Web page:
I was reading Donald Low’s Behavioural Economics and Policy Design, examples from Singapore. Chapter 6 talks about discretionary transfer, and mentioned that Singapore had shifted to using interest rate to manage business cycle since 1980s. Let’s sort out some terms and know more about them.
Business cycle is the periodic raise and decline in GDP over a long period (wiki). It was introduced by French economist Jean C. L. Sismondi in 1819. The theory names several cycles according to cycle length and the study of business cycle also attempts to identify the stages in a cycle. It is a cycle, so, as you might have guessed there are stages of ups and downs. I will explain something not quite straightforward to the uninitiated or to people with some uninformed preconceptions about economic welfare prior to investigating the field. One of the cycles is called Juglar cycle. In the cycle a period of economic growth is identified as the expansion. During expansion, production increases, interest rates decrease, and prices increase. Let us ignore the interest rates first; production increase is tied to GDP increase, quite obviously.
But prices increase? Come to think of it, yes, the idea is simple. Products and services are worth more, and GDP will record a higher value as well. Just in case, GDP measures the total value of products and services. But during my earlier days, in Indonesia, we’re inculcated with the flow of idea, ever so simplistic, that prices increase means we can afford less, therefore it is bad. This idea ignored the fact that we are each a unit in the economy, and price increase can be driven by increase in others’ spending. The tricky parts may be here: 1. Is the spending reflective of wealth? A lot of the time credit card does the job and people go into debts. If it drives further production, it will help raise all the economic growth metric, at least one dimensionally, through absolute production output. Is this production sustained to induce further growth, or even help people out of their debts? In the end, the better metric to economic welfare may be this “second order derivative” (pardon the terminology abuse). I need to find out more, but we keep it on hold here. 2. Many a times the brunt is born by the middle to lower class workers. They earn income that is often stagnating, in the face of price increase! Smaller business may feel the pressure. They can jack up their prices as well; some succeed, some fail, still fair enough, but in the end the consumers pay higher prices while the country is boasting high growth. I think social inequality is really expressed well here.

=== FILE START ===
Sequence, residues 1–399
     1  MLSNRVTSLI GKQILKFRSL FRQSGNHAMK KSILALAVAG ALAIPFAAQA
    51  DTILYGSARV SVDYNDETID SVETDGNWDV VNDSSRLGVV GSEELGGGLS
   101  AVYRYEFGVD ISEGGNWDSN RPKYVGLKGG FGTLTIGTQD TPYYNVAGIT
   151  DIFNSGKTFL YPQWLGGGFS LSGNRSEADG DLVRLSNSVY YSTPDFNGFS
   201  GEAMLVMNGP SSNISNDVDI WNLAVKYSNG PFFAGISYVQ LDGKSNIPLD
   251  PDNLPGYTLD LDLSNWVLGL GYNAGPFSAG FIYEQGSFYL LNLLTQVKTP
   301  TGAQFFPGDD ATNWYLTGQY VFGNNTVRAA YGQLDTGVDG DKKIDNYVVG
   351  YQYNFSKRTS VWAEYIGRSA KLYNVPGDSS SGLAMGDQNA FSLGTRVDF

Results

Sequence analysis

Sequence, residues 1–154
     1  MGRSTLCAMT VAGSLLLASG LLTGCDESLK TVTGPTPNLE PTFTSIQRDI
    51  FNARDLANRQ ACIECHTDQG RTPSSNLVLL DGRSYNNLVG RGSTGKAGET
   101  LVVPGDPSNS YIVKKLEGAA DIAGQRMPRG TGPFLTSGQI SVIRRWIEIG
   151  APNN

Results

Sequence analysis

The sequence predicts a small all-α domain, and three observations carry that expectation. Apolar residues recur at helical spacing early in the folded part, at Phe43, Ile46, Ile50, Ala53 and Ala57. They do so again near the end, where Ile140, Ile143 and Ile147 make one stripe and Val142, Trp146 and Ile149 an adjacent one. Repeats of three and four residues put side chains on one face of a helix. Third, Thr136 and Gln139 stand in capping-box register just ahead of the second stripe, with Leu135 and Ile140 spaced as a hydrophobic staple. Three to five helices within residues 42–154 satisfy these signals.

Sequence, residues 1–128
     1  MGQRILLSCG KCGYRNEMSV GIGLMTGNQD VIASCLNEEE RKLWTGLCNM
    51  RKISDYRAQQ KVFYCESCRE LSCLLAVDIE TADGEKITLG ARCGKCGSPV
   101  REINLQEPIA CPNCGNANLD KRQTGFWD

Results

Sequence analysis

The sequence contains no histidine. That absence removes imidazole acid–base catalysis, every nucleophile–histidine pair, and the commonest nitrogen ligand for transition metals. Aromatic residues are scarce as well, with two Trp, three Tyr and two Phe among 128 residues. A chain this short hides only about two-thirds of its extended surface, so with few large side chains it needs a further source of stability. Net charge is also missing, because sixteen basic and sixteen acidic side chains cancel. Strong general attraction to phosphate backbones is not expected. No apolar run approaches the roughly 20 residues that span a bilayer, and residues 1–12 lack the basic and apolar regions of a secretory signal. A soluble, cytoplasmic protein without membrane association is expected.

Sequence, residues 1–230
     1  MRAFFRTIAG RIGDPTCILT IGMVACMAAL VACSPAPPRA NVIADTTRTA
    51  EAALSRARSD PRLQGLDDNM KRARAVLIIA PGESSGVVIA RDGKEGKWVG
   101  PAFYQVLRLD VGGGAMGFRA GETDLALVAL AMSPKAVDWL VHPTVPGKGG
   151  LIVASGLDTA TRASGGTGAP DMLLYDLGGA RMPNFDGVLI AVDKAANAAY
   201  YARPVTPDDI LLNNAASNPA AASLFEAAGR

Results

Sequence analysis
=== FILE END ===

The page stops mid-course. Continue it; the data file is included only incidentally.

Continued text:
Following the expansion stage in the Juglar cycle is the crisis (bankruptcy, stock market crashes), followed by recession and the recovery. Recession seems to include the reverse processes from expansion; prices drop, interest rate increases, output drops. To put forth what I have understood so far, economic performance of a country is seen from the collective perspective of entities that produce. This cannot be true since consumer spending keeps producers profitable, and so consumers are largely in the equation. Now, to reconcile this, while prices drop may mean affordability to lower income earner, we must remember a number of far reaching complex links 1. High interest rates keep producers from being profitable, thus they may lay off workers. Looking at the overall change, while some households might be relieved at prices drop, some others may be living in insecurity. 2. With production decline, in the extreme case there might be shortages, clearly a problem. We consider a non-shortage situation, and prices drop. It might seem like a good situation where spending is encouraged, but, that this situation is labelled negatively as recession, we are guided to believe that the losses (from unemployment etc) outweigh the gains from cheaper prices. Recall that firms had gone bankrupt in the previous stage; we can make sense of it this way.
The recovery stage constitutes the follow up. When prices drop far enough and people’s demand for compensation in their employment drops as far (when you’re unemployed you might start to be desperate and take up less paying jobs you’re overqualified to do), production and hiring can start to bounce back. Certainly, there are more complex factors to consider, but for now we see how interest rates can be used to fix the economy. The premise is simple enough. During recession interest rates are high, and producers will consider their production activities costly in the long terms. Fiscal policy can come to the rescue, adopting methods to lower the rates, effectively encouraging producers to produce. At the end of the day, profitability will drive the economy, not quite surprisingly.